At Rapid Plas, we are often asked whether greywater can be used on a residential property and whether greywater can be stored in a water tank.
Water shortages have made us all more aware of the importance of recycling water, and there is increasing interest in using greywater for the garden.
Greywater is wastewater from non-toilet plumbing systems such as hand basins, washing machines, showers, and baths. The bathroom and laundry account for approximately 75% of household water usage in Australian homes, and when handled properly, greywater can be safely reused for the garden. While you can use greywater for your garden, you cannot store greywater in a water tank.
Greywater from different sources will contain different types and amounts of contaminants such as salts, household detergents, soaps, and chemicals as well as bacteria and other disease-causing microbes. If you intend to use greywater in the garden, you should use greywater from low-risk sources, such as the laundry rinse cycle, bath, and shower. Do not use kitchen wastewater, as it is heavily contaminated with fats, greases, and solids.
Greywater can be treated or untreated.
A Domestic Greywater Treatment Systems (DGTS) collects, stores, treats and may disinfect greywater to the standards specified in the NSW Health Accreditation Guidelines.
Depending on the level of treatment, water may be used for surface irrigation in a properly designed application or for toilet and laundry use. In NSW, a DGTS requires a certificate of accreditation from NSW Health.
Be warned however, a DGTS is expensive and requires professional advice to scope, design and install.
If you plan to use untreated greywater, you must: -
- Keep it in your yard – your greywater must not leave the boundaries of your property
- Keep it out of the stormwater – your greywater must not leak into the stormwater system.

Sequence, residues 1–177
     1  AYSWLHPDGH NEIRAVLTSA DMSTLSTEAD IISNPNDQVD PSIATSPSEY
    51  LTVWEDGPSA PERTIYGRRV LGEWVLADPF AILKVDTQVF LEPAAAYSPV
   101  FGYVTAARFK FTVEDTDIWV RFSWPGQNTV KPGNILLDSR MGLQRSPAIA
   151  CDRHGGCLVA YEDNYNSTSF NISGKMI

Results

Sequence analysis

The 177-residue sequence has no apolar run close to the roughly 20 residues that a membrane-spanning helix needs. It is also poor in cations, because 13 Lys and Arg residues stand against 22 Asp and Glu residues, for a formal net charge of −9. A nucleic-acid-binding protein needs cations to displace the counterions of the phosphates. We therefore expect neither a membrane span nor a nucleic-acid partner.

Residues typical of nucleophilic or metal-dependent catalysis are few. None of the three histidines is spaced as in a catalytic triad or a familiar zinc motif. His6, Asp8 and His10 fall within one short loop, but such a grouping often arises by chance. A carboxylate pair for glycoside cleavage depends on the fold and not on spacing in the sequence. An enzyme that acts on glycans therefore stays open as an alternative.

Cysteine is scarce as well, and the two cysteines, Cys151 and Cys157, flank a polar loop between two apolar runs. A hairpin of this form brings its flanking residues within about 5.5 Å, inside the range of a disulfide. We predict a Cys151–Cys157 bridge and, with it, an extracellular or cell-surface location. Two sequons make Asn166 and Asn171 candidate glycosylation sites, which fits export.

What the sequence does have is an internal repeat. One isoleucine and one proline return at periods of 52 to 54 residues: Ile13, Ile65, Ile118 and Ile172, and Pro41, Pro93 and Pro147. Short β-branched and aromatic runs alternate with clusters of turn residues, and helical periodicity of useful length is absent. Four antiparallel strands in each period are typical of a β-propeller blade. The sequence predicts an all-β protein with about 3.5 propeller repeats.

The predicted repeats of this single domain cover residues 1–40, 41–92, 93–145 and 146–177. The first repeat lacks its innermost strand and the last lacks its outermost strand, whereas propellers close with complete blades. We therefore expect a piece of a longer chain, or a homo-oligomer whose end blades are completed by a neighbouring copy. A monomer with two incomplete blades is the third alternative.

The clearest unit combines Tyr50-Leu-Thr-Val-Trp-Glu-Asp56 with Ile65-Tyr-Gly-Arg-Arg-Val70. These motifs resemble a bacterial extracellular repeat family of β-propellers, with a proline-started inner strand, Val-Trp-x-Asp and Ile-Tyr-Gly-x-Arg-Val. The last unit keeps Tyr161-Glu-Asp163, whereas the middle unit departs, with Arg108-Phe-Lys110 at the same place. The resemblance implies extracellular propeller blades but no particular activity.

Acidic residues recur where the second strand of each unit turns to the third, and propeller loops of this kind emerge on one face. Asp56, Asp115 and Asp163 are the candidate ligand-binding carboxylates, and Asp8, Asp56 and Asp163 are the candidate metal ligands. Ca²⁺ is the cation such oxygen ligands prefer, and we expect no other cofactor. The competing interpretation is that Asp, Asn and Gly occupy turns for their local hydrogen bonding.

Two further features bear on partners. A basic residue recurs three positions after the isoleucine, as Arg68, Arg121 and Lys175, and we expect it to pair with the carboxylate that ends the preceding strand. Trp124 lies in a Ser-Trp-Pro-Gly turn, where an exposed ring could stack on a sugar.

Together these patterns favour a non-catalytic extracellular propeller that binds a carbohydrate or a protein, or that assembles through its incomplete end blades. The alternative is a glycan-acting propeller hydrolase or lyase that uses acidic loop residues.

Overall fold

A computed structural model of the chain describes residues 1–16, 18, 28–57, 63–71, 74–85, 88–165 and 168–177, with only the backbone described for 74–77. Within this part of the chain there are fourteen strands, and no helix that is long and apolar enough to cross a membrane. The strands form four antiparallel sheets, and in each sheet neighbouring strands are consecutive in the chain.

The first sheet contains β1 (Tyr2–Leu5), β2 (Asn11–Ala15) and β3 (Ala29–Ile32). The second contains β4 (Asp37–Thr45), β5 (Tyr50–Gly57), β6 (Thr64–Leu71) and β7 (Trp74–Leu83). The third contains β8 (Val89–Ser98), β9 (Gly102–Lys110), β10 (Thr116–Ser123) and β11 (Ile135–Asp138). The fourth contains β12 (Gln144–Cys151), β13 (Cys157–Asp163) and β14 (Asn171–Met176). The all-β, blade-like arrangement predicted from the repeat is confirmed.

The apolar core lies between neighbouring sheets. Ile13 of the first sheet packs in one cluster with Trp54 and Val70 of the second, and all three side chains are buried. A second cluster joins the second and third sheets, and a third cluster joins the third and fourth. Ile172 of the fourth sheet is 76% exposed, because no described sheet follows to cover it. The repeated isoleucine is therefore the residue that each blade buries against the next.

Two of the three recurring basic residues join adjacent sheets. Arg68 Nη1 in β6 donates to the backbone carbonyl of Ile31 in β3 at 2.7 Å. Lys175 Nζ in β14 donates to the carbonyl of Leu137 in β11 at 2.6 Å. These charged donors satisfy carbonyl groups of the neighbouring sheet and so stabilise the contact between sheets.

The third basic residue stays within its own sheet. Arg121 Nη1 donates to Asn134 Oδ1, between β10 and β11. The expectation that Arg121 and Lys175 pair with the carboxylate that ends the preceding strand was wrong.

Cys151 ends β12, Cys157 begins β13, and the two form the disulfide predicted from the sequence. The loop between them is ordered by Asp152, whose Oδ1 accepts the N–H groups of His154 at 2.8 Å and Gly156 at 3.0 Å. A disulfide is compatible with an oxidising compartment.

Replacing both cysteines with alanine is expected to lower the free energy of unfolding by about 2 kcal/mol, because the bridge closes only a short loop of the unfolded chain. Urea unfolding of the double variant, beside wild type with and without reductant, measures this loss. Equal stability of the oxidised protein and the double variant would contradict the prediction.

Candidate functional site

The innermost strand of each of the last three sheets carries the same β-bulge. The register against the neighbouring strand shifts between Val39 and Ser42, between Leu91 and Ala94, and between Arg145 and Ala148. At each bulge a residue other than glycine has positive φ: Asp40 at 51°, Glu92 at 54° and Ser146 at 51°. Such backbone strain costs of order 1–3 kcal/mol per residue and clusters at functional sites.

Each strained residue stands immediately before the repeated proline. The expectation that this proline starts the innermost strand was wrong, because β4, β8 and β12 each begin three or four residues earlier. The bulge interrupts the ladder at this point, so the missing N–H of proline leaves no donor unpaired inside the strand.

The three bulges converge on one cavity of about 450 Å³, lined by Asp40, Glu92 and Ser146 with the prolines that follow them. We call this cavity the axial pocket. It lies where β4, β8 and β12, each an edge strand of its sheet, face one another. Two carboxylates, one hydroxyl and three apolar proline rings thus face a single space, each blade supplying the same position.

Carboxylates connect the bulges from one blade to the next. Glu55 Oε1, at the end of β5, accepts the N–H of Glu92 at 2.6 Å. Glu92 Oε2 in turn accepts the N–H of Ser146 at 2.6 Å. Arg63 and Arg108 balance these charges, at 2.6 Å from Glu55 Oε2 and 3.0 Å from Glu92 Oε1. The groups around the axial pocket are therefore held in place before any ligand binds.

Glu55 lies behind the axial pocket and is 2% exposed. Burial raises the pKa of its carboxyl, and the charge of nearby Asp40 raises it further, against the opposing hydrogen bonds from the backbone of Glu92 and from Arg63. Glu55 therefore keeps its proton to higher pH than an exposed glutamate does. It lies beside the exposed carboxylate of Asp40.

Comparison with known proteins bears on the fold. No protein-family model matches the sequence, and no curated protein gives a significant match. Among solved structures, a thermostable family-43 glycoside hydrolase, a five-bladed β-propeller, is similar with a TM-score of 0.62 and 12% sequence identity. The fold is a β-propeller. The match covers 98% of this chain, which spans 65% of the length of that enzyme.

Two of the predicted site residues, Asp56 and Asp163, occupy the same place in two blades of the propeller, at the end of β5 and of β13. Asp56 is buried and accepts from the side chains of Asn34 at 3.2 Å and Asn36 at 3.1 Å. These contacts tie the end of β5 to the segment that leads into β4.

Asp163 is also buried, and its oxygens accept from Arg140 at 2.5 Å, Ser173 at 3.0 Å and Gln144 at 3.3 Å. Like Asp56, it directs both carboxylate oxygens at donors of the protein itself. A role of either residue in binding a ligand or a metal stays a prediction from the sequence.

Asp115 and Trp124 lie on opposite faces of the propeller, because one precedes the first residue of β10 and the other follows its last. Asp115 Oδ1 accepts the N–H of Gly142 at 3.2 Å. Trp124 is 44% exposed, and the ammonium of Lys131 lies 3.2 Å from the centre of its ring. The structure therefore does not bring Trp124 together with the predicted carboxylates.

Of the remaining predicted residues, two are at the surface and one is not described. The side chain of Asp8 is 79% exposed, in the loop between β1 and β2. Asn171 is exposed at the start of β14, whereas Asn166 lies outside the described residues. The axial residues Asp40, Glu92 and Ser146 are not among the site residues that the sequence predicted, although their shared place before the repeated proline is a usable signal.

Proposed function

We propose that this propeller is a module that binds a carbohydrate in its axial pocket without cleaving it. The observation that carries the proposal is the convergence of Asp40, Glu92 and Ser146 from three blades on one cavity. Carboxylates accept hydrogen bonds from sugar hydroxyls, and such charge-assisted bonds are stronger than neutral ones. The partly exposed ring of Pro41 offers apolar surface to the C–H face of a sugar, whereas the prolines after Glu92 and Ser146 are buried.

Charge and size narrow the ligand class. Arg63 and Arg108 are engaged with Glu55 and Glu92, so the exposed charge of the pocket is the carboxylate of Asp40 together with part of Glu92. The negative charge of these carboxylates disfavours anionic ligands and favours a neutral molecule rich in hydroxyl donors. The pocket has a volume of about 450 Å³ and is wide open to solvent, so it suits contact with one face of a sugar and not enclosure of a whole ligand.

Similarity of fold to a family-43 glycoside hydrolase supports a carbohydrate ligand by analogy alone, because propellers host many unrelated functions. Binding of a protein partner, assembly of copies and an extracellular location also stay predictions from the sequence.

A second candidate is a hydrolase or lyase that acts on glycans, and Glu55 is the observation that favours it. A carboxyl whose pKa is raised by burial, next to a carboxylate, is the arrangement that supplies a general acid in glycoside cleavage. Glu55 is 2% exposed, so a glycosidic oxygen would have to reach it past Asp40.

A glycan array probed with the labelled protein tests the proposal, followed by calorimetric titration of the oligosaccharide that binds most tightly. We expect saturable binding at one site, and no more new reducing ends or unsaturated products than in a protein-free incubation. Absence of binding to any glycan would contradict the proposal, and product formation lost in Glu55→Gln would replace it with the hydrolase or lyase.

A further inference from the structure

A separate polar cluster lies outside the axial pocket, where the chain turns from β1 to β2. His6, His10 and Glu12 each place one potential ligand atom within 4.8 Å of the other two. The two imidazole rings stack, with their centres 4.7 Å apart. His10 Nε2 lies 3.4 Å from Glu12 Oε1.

- Discharge it sub-soil – as microbes from greywater have higher survival rates on the topsoil, all irrigation should be located sub-soil. Never hose, spray, or mist untreated greywater.
For many householders, a bucket it the shower is the easiest way to collect the greywater but installing a greywater diverter is an option.
A gravity diverter incorporates a hand activated valve, switch or tap which is fitted to the outlet of the waste pipe of the plumbing fixture such as a laundry tub. The diverter can be activated by the householder to divert greywater from the laundry tub directly to the diversion line and the dedicated land application system instead of the sewer.
A pump diverter incorporates a surge tank to cope with sudden influxes of greywater and a pump to deliver the water to the application. The surge tank is not a storage tank, and it serves to hold the water while it is pumped directly to a sub-surface land application system. Your surge tank should not exceed 80 litres and must be fitted with an overflow drain to direct any excess greywater straight to the sewer.
The treatment and use of greywater is complex and expert help from a plumbing professional is recommended. All household plumbing work must be undertaken by a licensed plumber and comply with the Australian Standard AS 3500.
This information is bought to you by the team at Rapid Plas. If you have a query about water storage or rainwater harvesting, call our team on 1800 816 299 or email firstname.lastname@example.org with your enquiry.